If you read last week’s post, in which I proclaim that there is no forbidden food, you already know what my answer to the title question is going to be.
I don’t believe that the believer in Christ has any obligation to obey the Old Testament dietary laws.
Saying that is the easy part. Judging by practice, this is the view of the majority of Christians worldwide.
But theology is not democracy, and majority vote means little by way of determining orthopraxy.
If we’re going to answer the question of whether New Testament believers are bound to obey the Old Testament dietary laws, we must look at Scripture itself.
The logical first step in this study is to look at the Old Testament dietary laws themselves. As we read through these laws, found in Leviticus 11 and Deuteronomy 14, it is important to note who God is giving these laws to and why He is giving them these laws.
Observe the following verses, extracted from those two chapters:
“Speak to the people of Israel, saying, These are the living things that you may eat among all the animals that are on the earth.”
“For I am the Lord your God. Consecrate yourselves therefore, and be holy, for I am holy. You shall not defile yourselves with any swarming thing that crawls on the ground. For I am the Lord who brought you up out of the land of Egypt to be your God. You shall therefore be holy, for I am holy.”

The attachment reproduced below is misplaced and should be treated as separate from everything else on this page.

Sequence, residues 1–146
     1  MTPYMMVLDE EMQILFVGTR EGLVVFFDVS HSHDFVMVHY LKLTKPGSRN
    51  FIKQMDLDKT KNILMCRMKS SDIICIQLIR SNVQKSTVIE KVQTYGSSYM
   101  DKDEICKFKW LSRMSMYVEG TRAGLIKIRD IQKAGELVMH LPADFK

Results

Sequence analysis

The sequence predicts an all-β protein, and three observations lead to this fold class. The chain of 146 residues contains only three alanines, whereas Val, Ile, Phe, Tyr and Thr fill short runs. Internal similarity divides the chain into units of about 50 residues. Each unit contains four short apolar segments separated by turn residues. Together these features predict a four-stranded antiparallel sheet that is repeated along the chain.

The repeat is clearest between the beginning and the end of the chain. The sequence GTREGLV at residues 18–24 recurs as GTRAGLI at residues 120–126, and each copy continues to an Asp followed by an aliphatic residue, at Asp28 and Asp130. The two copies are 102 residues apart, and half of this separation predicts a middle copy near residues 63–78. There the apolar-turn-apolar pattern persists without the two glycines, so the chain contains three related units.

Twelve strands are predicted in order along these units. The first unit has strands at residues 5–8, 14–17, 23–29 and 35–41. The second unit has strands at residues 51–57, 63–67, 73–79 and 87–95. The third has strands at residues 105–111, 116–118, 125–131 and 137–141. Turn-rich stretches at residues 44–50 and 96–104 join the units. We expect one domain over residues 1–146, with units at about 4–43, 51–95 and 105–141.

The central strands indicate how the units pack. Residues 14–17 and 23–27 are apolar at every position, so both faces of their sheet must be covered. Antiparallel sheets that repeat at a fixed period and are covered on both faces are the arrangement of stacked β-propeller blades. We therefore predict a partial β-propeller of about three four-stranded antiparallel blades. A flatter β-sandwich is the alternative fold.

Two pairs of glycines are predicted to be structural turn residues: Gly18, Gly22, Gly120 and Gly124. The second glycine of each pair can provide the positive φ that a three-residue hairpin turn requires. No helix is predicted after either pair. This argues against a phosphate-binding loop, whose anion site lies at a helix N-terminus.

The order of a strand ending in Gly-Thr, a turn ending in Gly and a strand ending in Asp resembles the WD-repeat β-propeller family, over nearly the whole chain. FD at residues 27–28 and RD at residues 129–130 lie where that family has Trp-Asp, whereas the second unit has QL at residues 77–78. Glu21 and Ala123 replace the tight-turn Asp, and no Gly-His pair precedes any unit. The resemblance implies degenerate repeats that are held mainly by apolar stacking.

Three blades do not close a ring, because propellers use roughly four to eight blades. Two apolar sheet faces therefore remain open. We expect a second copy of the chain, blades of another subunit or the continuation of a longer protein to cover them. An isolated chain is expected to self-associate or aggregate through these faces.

“And whatever does not have fins and scales you shall not eat; it is unclean for you.”
“You shall not eat anything that has died naturally. You may give it to the sojourner who is within your towns, that he may eat it, or you may sell it to a foreigner. For you are a people holy to the Lord your God.”
Our first question, when reading this text, should be to ask who God is giving these dietary laws to.
The answer should be plain. Leviticus 11 states that these laws were spoken “to the people of Israel”.
In Deuteronomy 14, we read a repeated refrain “it is unclean for you” (emphasis mine). The God who does not waste breath inspired those last two words as well as the previous ones. God does not declare these various animals unclean, period–He declares them unclean to the Israelites.
Furthermore, God declares that one of his “food rules” for the Israelites is explicitly NOT for the foreigners who live among them. The Israelites aren’t supposed to eat an animal who has been found dead–but they are more than welcome to give or sell it to the people around them that those others might eat the animal who was found dead.
An initial, simplistic answer to the question of whether a New Testament believer should follow the Old Testament food rules is apparent. New Testament Gentile believers clearly have no obligation to follow the Old Testament dietary law because the dietary laws were explicitly given to the people of Israel, and were not meant to apply to the people around them.
The Jerusalem Council of Acts 15 confirms this conclusion by stating that Gentile believers are not obligated to keep the law of Moses (contrast the Judaizers’ comment in Acts 15:5 with the apostle’s command in Acts 15:28-29).
As I’m getting a bit long, I’m splitting this post into as many posts as it’ll take to get through this topic. Judging from what I’ve got right now, it’ll be at least three, if not four or more posts. (And don’t worry, I will get to and discuss the Jerusalem council in more depth.)